For the last four years, I have been writing the By the Numbers column, and it will be back for a fifth year.
In this space, however, I am taking a step beyond my usual data-centric approach. This is the first-ever installment of Beyond the Numbers, a series in which I will try to explain some of the crazier, more confounding stats that I come across. The focus will usually be on a single player or a small group of players, but in piecing their stories together, I will also look at other players who might be in the same boat. The ultimate aim is to see what lessons we can learn about how to better assess their Fantasy value.
This week it's the White Sox pitching staff that gets the under-the-microscope treatment.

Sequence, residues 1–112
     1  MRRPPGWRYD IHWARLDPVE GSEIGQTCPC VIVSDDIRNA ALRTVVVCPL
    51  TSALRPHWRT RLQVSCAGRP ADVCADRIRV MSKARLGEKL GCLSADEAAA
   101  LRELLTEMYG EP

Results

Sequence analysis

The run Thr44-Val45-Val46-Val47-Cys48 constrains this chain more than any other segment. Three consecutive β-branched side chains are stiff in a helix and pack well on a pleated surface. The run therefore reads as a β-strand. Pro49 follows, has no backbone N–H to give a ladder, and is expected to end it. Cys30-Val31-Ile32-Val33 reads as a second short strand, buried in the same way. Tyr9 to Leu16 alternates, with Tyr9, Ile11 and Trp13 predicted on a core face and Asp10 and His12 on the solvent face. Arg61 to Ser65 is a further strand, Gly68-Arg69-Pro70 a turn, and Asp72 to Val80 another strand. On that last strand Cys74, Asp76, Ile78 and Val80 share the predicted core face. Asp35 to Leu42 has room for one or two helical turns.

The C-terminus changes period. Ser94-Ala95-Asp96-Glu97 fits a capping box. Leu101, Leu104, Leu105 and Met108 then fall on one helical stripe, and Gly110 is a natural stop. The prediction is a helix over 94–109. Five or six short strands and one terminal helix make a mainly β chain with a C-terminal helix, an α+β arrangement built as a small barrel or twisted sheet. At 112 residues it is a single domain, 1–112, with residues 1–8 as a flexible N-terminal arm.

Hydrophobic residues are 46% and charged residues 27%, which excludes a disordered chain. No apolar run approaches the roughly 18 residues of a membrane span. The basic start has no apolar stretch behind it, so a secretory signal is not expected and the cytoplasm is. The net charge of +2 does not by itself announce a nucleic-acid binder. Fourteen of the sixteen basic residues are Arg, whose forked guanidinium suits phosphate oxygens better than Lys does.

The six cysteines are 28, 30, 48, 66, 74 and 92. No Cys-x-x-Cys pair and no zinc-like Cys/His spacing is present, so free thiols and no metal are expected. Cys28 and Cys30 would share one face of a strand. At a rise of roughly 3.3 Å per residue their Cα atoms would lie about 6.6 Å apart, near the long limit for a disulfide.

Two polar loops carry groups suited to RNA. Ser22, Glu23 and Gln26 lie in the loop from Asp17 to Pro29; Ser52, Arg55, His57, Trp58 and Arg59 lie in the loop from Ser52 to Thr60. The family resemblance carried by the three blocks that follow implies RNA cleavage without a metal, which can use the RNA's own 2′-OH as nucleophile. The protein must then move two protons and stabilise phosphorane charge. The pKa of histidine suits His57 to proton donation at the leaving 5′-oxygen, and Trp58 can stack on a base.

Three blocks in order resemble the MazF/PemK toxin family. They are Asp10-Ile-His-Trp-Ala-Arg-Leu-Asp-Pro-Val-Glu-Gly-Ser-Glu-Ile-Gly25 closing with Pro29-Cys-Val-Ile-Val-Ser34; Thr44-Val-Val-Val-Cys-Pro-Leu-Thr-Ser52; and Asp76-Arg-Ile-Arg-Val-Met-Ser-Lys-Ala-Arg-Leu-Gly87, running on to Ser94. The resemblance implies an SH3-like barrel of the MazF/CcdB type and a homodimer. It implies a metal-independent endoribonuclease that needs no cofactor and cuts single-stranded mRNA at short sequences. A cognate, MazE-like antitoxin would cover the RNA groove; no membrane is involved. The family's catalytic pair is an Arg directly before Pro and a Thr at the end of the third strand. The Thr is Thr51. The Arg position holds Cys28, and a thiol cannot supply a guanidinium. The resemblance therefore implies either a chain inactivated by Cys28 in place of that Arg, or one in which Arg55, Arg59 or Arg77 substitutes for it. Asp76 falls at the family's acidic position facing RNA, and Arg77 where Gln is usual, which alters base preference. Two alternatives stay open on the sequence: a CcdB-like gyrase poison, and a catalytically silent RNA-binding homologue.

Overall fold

Over the last three seasons, they have had an uncanny ability to make their launching pad of a home park look neutral, if not quite biased towards pitching. From 2009 to 2011, only 248 of the 548 homers hit at U.S. Cellular Field were notched by the visiting team. Despite playing in one of the best stadiums for homers, the White Sox had the 11th-highest HR/9 rate in the majors last season. All of the other teams that play in extreme homer parks -- the Yankees, Rangers, Rockies and Reds -- ranked among the seven teams with the highest HR/9 rates. If you think the Pale Hose achieved this distinction by loading up on ground ball specialists, you'll need to find another explanation. According to FanGraphs.com, the White Sox had only the 17th-highest ground ball rate in the majors last year.